While this compensation system is similar to the one of years past, particularly for players designated as Type A free agents, the more significant change was to the First-Year Player Draft. As of the last Draft, teams were permitted a "bonus pool" of money for signing players, which was based on, among other factors, the number of picks that team owned. In past years, a team that forfeited its first-round pick under the previous compensation system for free agents had an avenue by which to make up for that lost talent. Teams could draft a player in a later round who fell due to bonus demands, and pay him the money that would have otherwise been spent on the forfeited first-round pick. Now, however, when a team loses a draft pick as free agent compensation, it loses the ability to spend that bonus pool money. Additionally, MLB has suggested bonus values (known as slotting) for each pick through the first 10 rounds in an attempt to stop agents such as Scott Boras from holding teams hostage by holding out top players seeking huge bonuses. Teams that now go over their "recommended" budget on their bonus pools will face significant sanctions, including being subject to a luxury tax and the loss of future draft picks.
All in all, while the new changes were well-intentioned, they have significantly affected the weight that teams put on draft pick compensation for signing free agents, and have led to some unintended consequences that have already and will continue to seriously affect fantasy teams. As we have already seen with Lohse, and to a lesser extent Bourn (who, despite scoring 96 runs and stealing 42 bases, didn't sign with Cleveland until mid-February), players who are deemed too expensive, too old, too risky, or simply not worth losing a draft pick over are finding themselves unemployed late into the offseason. With fantasy drafts starting earlier and earlier every year, the ADPs of these players plummeted due to uncertainty, resulting in fantastic value for owners willing to gamble that the players would fall in good landing spot.* Astute owners can and should take advantage of these bargains in future years. While it is always a risk that a player may sign with a team that may not be a great fit (i.e. Lohse's value would have certainly been lower if he had signed in the American League), the reward generally outweighs the risk as good players will eventually find a home before the season begins.
*Bourn, for example, finished 2012 as the 9th ranked player according to ESPN. Based on a 2013 ADP near 80, Bourn could be had in the 7th or 8th round in standard leagues. Lohse, similarly, sports a 2013 ADP north of 200(!) despite ranking as the 11th best player in 2012 according to ESPN.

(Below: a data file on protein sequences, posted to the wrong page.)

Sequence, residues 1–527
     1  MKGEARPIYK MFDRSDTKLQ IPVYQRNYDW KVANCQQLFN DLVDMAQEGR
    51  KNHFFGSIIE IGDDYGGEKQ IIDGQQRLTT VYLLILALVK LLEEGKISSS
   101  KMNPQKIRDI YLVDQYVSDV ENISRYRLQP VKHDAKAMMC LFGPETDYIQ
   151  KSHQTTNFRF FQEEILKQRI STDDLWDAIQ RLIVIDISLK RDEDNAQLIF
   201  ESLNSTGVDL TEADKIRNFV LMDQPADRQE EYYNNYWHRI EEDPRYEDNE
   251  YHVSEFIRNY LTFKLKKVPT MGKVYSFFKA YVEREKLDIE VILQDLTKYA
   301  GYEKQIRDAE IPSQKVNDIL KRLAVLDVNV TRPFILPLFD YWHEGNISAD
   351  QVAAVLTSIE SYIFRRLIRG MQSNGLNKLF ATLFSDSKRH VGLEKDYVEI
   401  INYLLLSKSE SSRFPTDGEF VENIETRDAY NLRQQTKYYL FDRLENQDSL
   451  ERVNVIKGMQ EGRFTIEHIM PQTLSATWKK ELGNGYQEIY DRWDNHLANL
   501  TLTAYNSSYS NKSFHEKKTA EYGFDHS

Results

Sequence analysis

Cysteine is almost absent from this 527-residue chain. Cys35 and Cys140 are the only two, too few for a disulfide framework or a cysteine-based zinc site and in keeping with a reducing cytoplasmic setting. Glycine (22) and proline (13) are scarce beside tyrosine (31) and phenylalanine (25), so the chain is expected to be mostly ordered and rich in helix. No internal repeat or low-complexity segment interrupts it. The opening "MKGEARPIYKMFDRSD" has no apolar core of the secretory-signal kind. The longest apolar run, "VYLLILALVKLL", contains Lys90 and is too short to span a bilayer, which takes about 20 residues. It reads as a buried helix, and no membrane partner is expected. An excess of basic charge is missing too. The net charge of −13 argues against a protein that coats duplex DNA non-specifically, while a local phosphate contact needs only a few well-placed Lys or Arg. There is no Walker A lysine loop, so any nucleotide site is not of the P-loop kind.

Still, a similar fate could befall a number of free agents-to-be this offseason. Jacoby Ellsbury, Matt Garza, Tim Lincecum, Josh Johnson, Shin-Soo Choo, Hunter Pence, Brian McCann, and Corey Hart are all eligible for free agency and all are likely worthy of a qualifying offer form their current clubs. However, each comes with significant questions that could suppress their market value, resulting in an extended unemployment. For someone like Lincecum, free agency could be like going through the draft all over again. Concerns about his body type, potential injury based on his mechanics, and his propensity for prolonged slumps could scare away many teams.
Yet, as the narrative goes, players in their "walk year" are going to turn in special performances. In pursuit of their next contract, free agents-to-be will either turn that extra motivation into big numbers or allow it to completely overwhelm them. Though it is extremely early in the season, we have already seen both sides of the coin on this issue. Through April 25, Choo is batting a robust .378 with three home runs and 18 runs in his first, and possibly last, full season in Cincinnati. While some regression can be expected, particularly in his batting average, it is not unreasonable to expect Choo to continue to perform at a high level in a potent Reds' lineup, particularly as he will need to convince potential offseason suitors that his offensive capabilities far outshine his defensive shortcomings. Meanwhile, Johnson, who is only 29 years old and holds a career ERA of 3.23, has been slapped around in his first four April starts, allowing opponents to bat .329 against him and sporting an ugly 6.86 ERA . With a somewhat checkered injury history, Johnson knows that he will need to get things sorted out quickly if he hopes to avoid a potentially similar fate as to the one suffered by Lohse this offseason, but it seems as though that pressure, coupled with Toronto's lofty aspirations, has gotten to him early in the season.
In addition to the super-sizing of walk year stressors for those players that are actually playing, there remain further complications for potential free agents who are dealing with injuries. Matt Garza, for example, certainly falls into this category. Having missed significant time with injury last season and again appearing on the disabled list with a lat strain to start 2013, Garza has slowly earned the dreaded "injury-prone" label that could scare off a number of teams in free agency this offseason. With the need to prove that he is worthy of a big contract and the hefty draft pick compensation any team will need to give up to acquire him, Garza may be liable to rush back before he is fully healthy or even hide an injury during the year in order to make up for lost time. Either of these potential scenarios could hurt both Garza and fantasy owners relying on him to be a key contributor to their pitching staffs.
COMING SOON: Part 2 of this column will take a look at the new rules' impact on the trade market and subsequent effect on the fantasy value of MLB-ready prospects.
Justin Fielkow is an attorney at the Franklin Law Group in Northfield, Illinois, a Chicago suburb. Justin attended Tulane University Law School and obtained a Certificate in Sports Law. He has been writing for Rotowire since 2008, first while at the University of Wisconsin, then and still as the beat writer for the New Orleans Saints, and now as a featured columnist providing insight twice a month into the legal side of sport with a fantasy spin.